Analyzing the industry

Gabriel Fagundez
2 min readOct 10, 2020

This is the second in a compilation of stories drawn from my learnings on the Fundamentals of Business Strategy from the University of Virginia’s course.

An important aspect of business strategy is the ability to understand the dynamics and the structure of an industry or market segment, and specifically, how that make up of an industry can impact the future profitability potential of firms who operate in that industry.

Porters's Five Forces

Porter’s Five Forces analysis is a framework that helps analyzing the level of competition within a certain industry. It is especially useful when starting a new business or when entering a new industry sector. According to this framework, competitiveness does not only come from competitors. Rather, the state of competition in an industry depends on five basic forces:

  • Threat of new entrants
  • Bargaining power of suppliers
  • Bargaining power of buyers
  • Threat of substitute products or services
  • Existing industry rivalry.

The collective strength of these forces determines the profit potential of an industry and thus its attractiveness. If the five forces are intense — e.g. airline industry — , almost no company in the industry earns attractive returns on investments. If the forces are mild however — e.g. softdrink industry — , there is room for higher returns. Each force will be elaborated on below with the aid of examples from the airline industry to illustrate the usage.

The Threat of New Entry: the ease with which new competitors can enter the market if they see that you are making good profits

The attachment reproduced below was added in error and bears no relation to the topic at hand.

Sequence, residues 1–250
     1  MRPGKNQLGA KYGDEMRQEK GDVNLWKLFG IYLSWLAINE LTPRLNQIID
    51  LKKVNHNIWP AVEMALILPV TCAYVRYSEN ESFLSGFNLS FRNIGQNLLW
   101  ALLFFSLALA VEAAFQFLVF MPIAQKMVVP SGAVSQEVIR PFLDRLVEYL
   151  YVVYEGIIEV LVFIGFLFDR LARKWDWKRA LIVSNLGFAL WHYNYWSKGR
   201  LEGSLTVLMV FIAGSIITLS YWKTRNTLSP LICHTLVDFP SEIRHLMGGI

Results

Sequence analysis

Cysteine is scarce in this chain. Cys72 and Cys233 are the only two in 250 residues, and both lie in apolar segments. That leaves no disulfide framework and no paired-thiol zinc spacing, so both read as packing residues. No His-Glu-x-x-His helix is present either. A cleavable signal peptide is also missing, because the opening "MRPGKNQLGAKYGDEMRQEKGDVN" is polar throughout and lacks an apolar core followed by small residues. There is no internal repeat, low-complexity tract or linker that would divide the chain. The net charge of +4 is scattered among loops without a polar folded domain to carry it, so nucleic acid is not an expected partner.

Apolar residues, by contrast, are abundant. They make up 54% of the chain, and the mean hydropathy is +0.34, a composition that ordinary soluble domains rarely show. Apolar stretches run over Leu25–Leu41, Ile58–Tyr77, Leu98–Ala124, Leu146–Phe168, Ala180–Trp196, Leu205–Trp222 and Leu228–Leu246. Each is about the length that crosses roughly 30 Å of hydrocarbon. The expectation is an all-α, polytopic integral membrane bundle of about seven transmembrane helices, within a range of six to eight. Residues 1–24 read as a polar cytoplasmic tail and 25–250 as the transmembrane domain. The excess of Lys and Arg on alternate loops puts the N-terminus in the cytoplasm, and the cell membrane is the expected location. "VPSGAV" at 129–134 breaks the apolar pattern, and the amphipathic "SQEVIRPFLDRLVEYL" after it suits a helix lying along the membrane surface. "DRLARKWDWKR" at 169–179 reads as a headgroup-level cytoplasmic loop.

• Time and cost of entry
  • Specialist knowledge
  • Economies of scale
  • Cost advantage
  • Technology IP
  • Barriers to entry

Buyer Power: the strength of your customers to drive down your prices

  • Number of customers
  • Size of each order
  • Differences between competitors
  • Price sensitivity
  • Ability to substitute
  • Cost of changing

The Threat of Substitution: the extent to which different products and services can be used in place of your own

  • Substitute performance
  • Cost of change

Supplier Power: the ability of suppliers to drive up the prices of your inputs

  • Number of suppliers
  • Size of suppliers
  • Uniqueness of service
  • Cost of changing

Competitive Rivalry: the strength of competition in the industry

  • Number of competitors
  • Quality differences
  • Switching costs
  • Customer loyalty

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Gabriel Fagundez

COO and Board Member @ Moove It, worldwide IT consulting firm with business in 4 countries. Blog in English. @gabrielfagundez-es in Spanish.